Cops mull DNA testing of Delhi’s beggars

by jeeg 2. January 2015 19:41

Delhi Police is drawing up a plan to conduct DNA tests on people begging on the streets with children, to find out it these kids were their own or had been abducted and trafficked, sources said.

The idea was sent to the prime minister's office by a citizen, who suggested that women were often found begging with children in their laps who did not resemble them. The PMO passed on the email to police commissioner B S Bassi.

The police brass, however, is weighing the move against the possible charge of it being a violation of human rights of the persons to be tested, officers TOI spoke to said. Many officers believe such random tests could have legal implications.

The department, meanwhile, has requested all district DCPs to suggest ways to carry out such a drive.

The email sent to the PMO by a citizen stated that scores of people, especially women, stand on traffic signals asking for money with children on their laps.

"On many occasions it has come to fore that the children and the woman or the "mother" has no resemblance and it is very much evident that the child belongs to some other woman. However, there is no system to check this. The identity of the woman-child may be verified through a DNA test which can rule out the trafficking angle," the email said.

However, some senior cops believe such DNA testing could make the police liable in case a person approached the court.

"While such tests are always conducted on court orders and mostly with the person's consent, it is unlikely that the department may get a legal nod unless and until a court orders it. This also leads to violation of privacy and human rights as police cannot randomly detain people on the streets for a DNA test," an officer said.

An NGO worker dealing with child trafficking said the plan was fraught with problems. "What if a woman claims to have found a homeless child? There are hundreds of cases where a woman beggar adopts the child of a fellow begger after she dies. What action can be taken against them?" the activist asked.

Earlier on Wednesday, the Delhi high court expressed concern over children being forced into begging and said steps must be taken to stop the menace. The court was hearing a PIL seeking elimination of the practice and identification of destitute children subjected to begging.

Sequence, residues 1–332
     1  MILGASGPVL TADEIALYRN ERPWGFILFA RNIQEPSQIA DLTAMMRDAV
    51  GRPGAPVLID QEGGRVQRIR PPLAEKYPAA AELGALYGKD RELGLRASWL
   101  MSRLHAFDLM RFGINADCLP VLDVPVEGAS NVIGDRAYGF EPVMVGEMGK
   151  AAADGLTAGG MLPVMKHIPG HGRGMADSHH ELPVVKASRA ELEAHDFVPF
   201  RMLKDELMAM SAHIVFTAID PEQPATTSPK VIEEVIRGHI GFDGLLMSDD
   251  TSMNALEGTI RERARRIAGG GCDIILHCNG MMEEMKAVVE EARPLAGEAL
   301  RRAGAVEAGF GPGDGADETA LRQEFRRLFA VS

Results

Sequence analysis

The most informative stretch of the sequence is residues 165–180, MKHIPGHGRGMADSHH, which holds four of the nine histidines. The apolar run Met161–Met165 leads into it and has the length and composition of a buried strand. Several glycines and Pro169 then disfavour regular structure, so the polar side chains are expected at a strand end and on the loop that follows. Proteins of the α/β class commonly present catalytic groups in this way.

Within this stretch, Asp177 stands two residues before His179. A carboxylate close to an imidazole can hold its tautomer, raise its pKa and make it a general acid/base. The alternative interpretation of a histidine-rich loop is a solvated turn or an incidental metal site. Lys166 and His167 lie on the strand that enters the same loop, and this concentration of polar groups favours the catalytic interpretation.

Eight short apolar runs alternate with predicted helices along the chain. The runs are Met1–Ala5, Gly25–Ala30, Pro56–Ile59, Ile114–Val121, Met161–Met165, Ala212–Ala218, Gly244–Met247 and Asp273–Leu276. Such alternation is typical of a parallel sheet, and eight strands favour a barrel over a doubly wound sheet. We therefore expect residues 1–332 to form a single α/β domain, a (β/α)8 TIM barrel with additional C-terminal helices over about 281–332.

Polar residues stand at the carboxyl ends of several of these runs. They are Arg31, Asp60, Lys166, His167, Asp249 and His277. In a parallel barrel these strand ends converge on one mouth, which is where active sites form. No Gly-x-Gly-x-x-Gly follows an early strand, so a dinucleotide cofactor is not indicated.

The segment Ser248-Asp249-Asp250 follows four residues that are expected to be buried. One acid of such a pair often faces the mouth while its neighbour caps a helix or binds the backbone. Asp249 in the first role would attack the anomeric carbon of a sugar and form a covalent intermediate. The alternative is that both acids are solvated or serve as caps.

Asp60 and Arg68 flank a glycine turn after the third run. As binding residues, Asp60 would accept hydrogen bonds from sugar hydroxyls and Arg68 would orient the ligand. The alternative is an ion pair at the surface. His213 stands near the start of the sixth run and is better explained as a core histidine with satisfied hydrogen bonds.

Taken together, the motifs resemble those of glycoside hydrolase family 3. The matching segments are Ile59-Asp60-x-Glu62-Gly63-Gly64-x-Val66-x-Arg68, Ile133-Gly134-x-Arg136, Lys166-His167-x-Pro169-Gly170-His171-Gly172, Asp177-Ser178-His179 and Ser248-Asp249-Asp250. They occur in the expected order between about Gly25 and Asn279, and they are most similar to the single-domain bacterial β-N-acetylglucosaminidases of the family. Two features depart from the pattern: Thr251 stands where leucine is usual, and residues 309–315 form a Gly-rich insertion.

"It is a serious and important issue but the matter is seized by the Supreme Court. Find out whether the matter is being monitored by SC," said the bench hearing the PIL seeking direction to construct and maintain homes for children found begging and to check the facilities in existing homes.

The PIL has argued that the government and its agencies are accountable for protection of child rights and must review measures to stop begging by children.                                                                                                                                                                                                                                                                                                                                                                                                          

                                                                                                                                                                                                                                                                                                                                                                                                                                                                                                                                                                                                                    Rode Mics, Times of India



 

 

Comments are closed
Log in